Both we, our customers, our markets, our worlds are getting more and more complex. We face rapid change/disruption, overwhelm/overload, risk/uncertainty, turmoil, constantly shifting focus/priorities/agendas.
In the face of this, we struggle to respond, whether it’s to fix performance problems, address new opportunities, grow and expand.
As leaders and business professionals, we must constantly seek to simplify things. Whether it’s helping our customers better understand and address their own challenges and opportunities, or simplifying how things get done within our own organizations. Constant focus on simplification enables us to achieve our goals, as well as increasing our effectiveness and efficiency.
But, often, we make a major mistake. We confused simplification with simplistic. They are different and lead to very different outcomes.
When we simplify, we recognize complexity and the interrelationship, inter connectivity between things. We do this by thinking in systems and models. Trying to understand the interrelationships between things, recognizing the tradeoffs we make in choosing certain courses of action. We try to balance our approaches in the face of the complex interactions between things. We recognize things are constantly shifting, and that we must be attentive to these shifts, adapting what we do in real time. We recognize we won’t be perfect, though we strive for perfection, we recognize that often, “just good enough,” is just good enough.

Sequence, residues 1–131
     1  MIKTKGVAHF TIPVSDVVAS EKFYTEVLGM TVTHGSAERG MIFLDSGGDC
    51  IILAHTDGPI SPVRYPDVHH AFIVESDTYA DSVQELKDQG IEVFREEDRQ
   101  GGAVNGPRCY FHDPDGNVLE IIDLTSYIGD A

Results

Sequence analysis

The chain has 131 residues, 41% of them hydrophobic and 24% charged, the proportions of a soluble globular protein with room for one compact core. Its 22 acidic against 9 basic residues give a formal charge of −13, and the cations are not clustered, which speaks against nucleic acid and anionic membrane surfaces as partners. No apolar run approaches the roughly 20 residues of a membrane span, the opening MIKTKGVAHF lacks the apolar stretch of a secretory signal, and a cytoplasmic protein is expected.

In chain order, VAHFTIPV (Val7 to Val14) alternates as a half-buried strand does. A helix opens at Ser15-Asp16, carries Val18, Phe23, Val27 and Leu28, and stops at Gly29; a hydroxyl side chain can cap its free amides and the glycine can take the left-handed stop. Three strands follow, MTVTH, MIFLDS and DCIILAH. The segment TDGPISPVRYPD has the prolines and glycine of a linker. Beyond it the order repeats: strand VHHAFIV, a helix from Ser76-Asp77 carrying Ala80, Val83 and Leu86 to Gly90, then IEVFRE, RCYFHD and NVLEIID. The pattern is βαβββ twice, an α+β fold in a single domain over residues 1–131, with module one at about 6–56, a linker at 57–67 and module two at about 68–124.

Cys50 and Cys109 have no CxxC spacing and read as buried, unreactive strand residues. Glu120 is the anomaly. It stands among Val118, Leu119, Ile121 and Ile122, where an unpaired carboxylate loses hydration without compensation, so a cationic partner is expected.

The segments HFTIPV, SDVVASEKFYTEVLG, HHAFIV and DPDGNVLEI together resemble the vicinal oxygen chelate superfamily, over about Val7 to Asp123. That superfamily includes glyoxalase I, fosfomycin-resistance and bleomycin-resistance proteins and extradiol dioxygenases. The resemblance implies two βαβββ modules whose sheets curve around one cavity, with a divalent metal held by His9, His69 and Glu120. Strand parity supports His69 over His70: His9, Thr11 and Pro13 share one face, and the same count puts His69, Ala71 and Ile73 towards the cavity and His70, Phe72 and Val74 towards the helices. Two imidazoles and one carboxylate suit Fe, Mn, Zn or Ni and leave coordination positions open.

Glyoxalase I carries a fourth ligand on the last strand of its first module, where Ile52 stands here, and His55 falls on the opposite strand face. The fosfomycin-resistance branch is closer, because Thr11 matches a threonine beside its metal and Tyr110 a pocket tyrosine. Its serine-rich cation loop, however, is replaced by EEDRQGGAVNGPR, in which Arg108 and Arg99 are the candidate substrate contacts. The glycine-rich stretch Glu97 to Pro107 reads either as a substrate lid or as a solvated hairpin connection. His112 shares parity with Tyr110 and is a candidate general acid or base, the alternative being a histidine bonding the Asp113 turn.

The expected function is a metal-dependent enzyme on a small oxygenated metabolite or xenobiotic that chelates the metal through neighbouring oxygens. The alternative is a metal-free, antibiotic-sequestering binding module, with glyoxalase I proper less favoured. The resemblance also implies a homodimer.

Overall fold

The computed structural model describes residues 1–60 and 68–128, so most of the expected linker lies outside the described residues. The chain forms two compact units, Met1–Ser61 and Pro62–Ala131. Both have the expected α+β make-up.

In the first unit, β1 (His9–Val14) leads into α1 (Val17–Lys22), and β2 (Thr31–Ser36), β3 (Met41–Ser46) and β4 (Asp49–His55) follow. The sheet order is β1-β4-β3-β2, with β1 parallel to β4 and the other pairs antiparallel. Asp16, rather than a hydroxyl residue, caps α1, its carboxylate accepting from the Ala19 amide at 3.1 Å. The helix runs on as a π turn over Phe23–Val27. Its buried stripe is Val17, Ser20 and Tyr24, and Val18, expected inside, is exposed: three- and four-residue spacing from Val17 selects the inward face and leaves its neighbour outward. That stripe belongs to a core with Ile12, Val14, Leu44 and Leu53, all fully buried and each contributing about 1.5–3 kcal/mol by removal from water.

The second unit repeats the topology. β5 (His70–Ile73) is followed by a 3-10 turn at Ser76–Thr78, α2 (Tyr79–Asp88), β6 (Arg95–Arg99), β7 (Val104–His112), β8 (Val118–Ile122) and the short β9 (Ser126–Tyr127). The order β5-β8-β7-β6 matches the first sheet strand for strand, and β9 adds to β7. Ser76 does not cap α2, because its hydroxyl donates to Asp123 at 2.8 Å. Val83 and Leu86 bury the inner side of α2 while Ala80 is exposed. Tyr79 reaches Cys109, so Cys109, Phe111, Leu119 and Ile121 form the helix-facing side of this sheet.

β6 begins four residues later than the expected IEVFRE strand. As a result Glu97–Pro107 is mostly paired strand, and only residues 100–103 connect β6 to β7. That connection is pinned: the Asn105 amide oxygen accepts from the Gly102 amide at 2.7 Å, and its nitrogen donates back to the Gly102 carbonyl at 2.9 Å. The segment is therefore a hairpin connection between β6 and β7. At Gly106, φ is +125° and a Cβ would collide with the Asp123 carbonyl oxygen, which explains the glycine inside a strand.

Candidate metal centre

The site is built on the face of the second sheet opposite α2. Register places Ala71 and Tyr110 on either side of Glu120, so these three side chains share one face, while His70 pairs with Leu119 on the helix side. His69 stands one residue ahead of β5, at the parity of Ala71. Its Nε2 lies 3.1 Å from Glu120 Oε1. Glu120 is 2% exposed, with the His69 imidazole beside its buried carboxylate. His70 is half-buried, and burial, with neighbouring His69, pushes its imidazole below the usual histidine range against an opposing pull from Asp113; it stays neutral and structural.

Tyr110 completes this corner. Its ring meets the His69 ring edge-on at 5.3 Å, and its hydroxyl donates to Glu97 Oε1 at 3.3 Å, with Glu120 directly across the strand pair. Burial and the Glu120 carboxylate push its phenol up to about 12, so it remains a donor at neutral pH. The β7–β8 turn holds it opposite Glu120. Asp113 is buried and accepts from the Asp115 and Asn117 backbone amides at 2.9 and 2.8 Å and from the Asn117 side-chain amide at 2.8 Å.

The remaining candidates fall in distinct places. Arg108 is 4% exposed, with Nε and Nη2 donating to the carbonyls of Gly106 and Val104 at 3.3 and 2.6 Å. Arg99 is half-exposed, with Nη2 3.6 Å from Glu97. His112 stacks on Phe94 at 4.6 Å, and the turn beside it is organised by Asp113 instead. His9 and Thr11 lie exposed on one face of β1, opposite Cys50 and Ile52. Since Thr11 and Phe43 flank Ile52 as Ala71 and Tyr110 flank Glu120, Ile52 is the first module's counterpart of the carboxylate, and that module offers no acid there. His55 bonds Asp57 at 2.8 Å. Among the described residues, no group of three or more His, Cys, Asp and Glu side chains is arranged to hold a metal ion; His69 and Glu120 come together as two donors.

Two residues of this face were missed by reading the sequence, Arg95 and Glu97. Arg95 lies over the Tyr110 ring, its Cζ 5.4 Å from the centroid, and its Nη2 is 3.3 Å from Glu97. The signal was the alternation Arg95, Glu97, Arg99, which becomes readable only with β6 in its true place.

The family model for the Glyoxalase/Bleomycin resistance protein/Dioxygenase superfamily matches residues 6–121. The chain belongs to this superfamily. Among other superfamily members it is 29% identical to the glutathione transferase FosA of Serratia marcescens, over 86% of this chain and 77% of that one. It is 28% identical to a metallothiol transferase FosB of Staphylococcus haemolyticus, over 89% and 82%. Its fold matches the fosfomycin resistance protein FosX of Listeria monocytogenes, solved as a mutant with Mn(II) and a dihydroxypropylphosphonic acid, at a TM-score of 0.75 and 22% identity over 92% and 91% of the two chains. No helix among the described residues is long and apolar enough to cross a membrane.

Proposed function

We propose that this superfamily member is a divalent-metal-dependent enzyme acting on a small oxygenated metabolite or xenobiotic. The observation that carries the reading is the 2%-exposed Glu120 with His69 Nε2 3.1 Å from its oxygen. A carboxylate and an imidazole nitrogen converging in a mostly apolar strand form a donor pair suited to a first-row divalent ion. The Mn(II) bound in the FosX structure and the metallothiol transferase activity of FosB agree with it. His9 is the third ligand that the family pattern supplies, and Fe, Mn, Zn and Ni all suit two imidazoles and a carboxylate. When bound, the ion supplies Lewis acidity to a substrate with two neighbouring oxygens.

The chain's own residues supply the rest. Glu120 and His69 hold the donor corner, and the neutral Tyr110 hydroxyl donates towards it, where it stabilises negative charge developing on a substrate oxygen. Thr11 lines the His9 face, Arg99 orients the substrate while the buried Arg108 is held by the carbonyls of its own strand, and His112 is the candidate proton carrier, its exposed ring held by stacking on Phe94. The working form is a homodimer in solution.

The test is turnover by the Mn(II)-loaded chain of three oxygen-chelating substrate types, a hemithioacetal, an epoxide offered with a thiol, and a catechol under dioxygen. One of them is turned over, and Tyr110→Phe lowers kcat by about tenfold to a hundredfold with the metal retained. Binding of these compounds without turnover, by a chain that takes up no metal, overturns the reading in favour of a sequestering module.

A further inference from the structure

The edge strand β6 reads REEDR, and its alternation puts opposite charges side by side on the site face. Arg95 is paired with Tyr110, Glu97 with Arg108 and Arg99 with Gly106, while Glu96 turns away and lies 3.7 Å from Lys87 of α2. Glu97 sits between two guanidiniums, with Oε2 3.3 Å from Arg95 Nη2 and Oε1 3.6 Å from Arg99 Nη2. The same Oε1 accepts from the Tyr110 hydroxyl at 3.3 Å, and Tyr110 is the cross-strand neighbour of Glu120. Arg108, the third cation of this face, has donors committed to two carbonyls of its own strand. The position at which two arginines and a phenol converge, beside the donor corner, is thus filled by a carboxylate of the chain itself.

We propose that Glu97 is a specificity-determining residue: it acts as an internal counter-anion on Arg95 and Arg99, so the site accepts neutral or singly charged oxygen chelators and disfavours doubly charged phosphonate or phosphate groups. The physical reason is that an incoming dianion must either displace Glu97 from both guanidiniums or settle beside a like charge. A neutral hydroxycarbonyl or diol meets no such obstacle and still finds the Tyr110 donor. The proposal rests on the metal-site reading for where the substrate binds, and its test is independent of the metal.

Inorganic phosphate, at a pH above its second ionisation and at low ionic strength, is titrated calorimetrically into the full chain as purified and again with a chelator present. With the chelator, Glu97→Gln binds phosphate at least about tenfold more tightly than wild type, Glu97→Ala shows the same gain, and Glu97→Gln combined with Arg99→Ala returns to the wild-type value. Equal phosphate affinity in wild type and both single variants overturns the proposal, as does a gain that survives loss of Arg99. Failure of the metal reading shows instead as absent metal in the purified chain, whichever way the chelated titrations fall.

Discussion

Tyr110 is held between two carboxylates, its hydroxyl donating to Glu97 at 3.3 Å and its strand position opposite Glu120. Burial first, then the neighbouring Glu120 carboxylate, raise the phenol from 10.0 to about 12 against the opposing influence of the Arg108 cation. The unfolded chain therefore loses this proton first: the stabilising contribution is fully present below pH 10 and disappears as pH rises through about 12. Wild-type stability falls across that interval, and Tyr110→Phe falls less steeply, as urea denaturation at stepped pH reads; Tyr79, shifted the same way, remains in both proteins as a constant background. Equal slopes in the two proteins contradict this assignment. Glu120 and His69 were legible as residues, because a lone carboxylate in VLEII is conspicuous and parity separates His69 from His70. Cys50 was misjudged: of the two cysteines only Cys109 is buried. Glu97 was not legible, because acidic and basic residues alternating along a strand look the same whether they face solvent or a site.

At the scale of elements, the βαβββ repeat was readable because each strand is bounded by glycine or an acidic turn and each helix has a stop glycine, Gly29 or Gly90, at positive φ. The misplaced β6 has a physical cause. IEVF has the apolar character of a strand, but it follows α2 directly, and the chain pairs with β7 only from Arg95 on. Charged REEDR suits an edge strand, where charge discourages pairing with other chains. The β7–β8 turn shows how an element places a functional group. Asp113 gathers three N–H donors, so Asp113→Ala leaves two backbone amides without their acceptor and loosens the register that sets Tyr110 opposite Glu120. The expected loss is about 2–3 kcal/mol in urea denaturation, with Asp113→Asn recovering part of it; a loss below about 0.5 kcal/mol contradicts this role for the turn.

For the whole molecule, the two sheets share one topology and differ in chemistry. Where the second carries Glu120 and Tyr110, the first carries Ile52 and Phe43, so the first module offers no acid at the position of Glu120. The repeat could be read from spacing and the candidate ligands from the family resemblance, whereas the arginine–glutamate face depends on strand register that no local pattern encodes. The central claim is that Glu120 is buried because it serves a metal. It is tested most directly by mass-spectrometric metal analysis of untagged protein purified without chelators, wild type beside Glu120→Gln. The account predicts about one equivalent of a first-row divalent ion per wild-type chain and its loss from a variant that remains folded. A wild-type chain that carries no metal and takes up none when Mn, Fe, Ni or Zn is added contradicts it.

But when we succumb to simplistic thinking, we focus on “the solution.” We believe there is one thing, if we get that right, it will solve all our problems, ignoring the impact on everything else.
We think that prospecting is our fix to sales performance and pipeline problems, ignoring our win rates, sales cycle, deal sizes and deal strategies.
We think volume and velocity are the solutions to meeting our numbers.
We think scripting and driving zero variation in customer engagement solves all problems.
We develop rigid processes and manage execution to those processes.
We look for the ideal tool that gives us the answer to working with customers, believing AI/ML is the secret sauce to success.
Simplistic solutions don’t work–at least on a sustained basis. They may be band-aids that address an immediate issue, but are never sustainable.
Simplistic solutions tend to ignore the inter-connectedness of everything we do, and the dynamic nature of complex systems. With simplistic solutions, we tend to be blind to or purposefully ignore the reality we face.
We must always strive to simplify, but we can never succumb to simplistic.